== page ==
CID vs GID

When working with OpenType/CFF fonts, particularly those that are CID-keyed, CIDs (Character IDs) and GIDs (Glyph IDs) are often referenced as ways to uniquely identify glyphs in a font resource. But, how are CIDs and GIDs different, and perhaps more importantly, under what circumstances are they different, or the same? These are good questions, and the answers can be found in today’s article.

CIDs reference glyphs in CIDFont resources, and are also mapped from character codes in CMap resources. One particular attribute of CIDs is that they need not be contiguous. Non-contiguous CIDs are common in CIDFont resources that include a subset of the glyphs in the advertised ROS (/Registry, /Ordering, and /Supplement: the three elements of the /CIDSystemInfo dictionary). Eight of our Heisei fonts, for example, include glyphs only for the following CIDs: 0–8358, 8720–9081, and 9084–9353.

GIDs reference glyphs in the tables of an ‘sfnt’ resource, which would include the ‘CFF‘, ‘GPOS‘, ‘GSUB‘, ‘glyf‘, ‘cmap‘, and other tables. GIDs, unlike CIDs, must be contiguous. Even if the ‘CFF’ table of an OpenType/CFF font was built from a CIDFont resource, GIDs are used, but the ‘CFF’ table maintains a mapping from GIDs to CIDs. In other words, although a ‘CFF’ table references glyphs by GID, it is possible to perform various testing and verification tasks by explicitly referencing glyphs by CID. Explicitly referencing glyphs by CID will be covered later in this brief article. For the Heisei font example in the previous paragraph, the corresponding (and necessarily contiguous) GID range would be 0–8990.

When developing the materials necessary for building OpenType/CFF fonts using our AFDKO tools, specifically makeotf, and when the source font is CID-keyed, meaning a CIDFont resource, all of the materials should reference CIDs, not GIDs. In other words, the UTF-32 CMap resource should map UTF-32 character codes to CIDs, not GIDs, and any GPOS or GSUB features that are defined in the “features” file should reference CIDs, not GIDs. The makeotf tool handles the conversion from CID to GID automatically.

For OpenType/CFF fonts that are built from a CIDFont resource and include all of the glyphs in the advertised ROS, GIDs equal CIDs. Our Kozuka Gothic/Mincho Pr6N fonts, for example, include all 23,058 glyphs of the Adobe-Japan1-6 ROS, and the CID range, which is the same as the GID range, is 0–23057.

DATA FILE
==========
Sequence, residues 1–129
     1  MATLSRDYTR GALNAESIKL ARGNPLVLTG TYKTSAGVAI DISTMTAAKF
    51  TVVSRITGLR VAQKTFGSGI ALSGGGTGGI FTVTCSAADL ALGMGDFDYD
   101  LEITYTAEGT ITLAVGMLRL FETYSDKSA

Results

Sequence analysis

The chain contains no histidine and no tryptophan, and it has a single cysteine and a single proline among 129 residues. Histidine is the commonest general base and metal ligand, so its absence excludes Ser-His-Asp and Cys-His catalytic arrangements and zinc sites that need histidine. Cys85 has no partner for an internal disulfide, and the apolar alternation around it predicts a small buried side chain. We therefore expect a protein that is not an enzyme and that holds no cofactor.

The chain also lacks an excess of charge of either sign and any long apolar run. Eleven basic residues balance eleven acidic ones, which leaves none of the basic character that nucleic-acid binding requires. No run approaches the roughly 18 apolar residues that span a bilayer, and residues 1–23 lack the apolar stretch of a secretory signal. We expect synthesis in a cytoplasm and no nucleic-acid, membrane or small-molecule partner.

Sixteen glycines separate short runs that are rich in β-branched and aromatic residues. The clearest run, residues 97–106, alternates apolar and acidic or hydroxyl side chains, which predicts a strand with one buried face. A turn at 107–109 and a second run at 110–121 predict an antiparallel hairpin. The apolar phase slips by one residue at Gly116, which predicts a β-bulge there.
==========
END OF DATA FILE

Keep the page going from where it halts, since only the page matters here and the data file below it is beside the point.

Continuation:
Various AFDKO tools include a “-g” option that takes glyphs and glyph ranges as its argument. For name-keyed fonts, the argument of the “-g” option must be comma-separated glyph names or GIDs. For CID-keyed fonts, the argument of the “-g” option must be CIDs (prefixed with a slash, such as “/1200″ for CID+1200) or GIDs (with no prefix), and can be single CIDs or GIDs separated by commas, or hyphenated ranges. In other words, prefixing an integer value with a slash (“/”) explicitly specifies a glyph by CID.

I have developed a series of simple Perl tools for listing glyphs by CID or GID. The extract-cids.pl tool takes a single font resource as its argument, and outputs a list of CIDs. The extract-gids.pl tool does the same, but outputs GIDs instead. I prefer to pipe the output of both tools through the mkrange.pl tool, because the lists are almost always very long. Below is the output of running extract-cids.pl, piped through mkrange.pl, for eight of our Heisei fonts:

% extract-cids.pl HeiseiKakuGoStd-W7.otf | mkrange.pl
0-8358
8720-9081
9084-9353

And, below is the same, but using the extract-gids.pl tool instead:

% extract-gids.pl HeiseiKakuGoStd-W7.otf | mkrange.pl
0-8990

The image below is an excerpt from a glyph synopsis that was made with the AFDKO tx tool, by using its “-pdf” command-line option, and shows the point at which GIDs no longer equal CIDs (GIDs are shown in the upper-left corner, and CIDs are shown in the lower-left corner):

Up through CID+8358, GIDs equal CIDs, but starting with CID+8720, they do not. This is consistent with the output of the extract-cids.pl and extract-gids.pl tools.

Note what happens when the same tools are used, but with the source CIDFont resource (the “cidfont.ps” file):

% extract-cids.pl cidfont.ps | mkrange.pl
0-8358
8720-9081
9084-9353

% extract-gids.pl cidfont.ps | mkrange.pl
0-8990

The results are identical. This is expected when using extract-cid.pl, but it may appear to be odd behavior for extract-gids.pl. Because GIDs are, by definition, contiguous, when glyphs in a CIDFont resource are referenced in a GID context, and if the CIDs are not contiguous, they become contiguous.

NOTE: The extract-gids.pl tool can also be used with name-keyed fonts, but the extract-cids.pl tool cannot, and will issue an error if done:

% extract-cids.pl font.pfa
ERROR: name-keyed font! Quitting...

My advice is that when working with OpenType/CFF fonts that were built from a CIDFont resource, it is always safest to explicitly reference glyphs by CID, which means prefixing the CID value with a slash, such as /0-/23057 for the complete Adobe-Japan1-6 CID range.

NOTE: The AFDKO tools’ “-g” option requires a slash (“/”) prefix for explicitly referencing glyphs by CID, but the “features” file’s syntax requires a backslash (“\”) for the same purpose.

2 Responses to CID vs GID

  1. Mike shih says:

    What is AFDKO tool?

    • AFDKO is a collection of powerful command-line OpenType font development tools. To learn more, you can 1) follow the link for the first instance of “AFDKO” in this article; 2) click on the “AFDKO” link in the “LINKS” sidebar at the top level of this blog; or 3) click here. ☺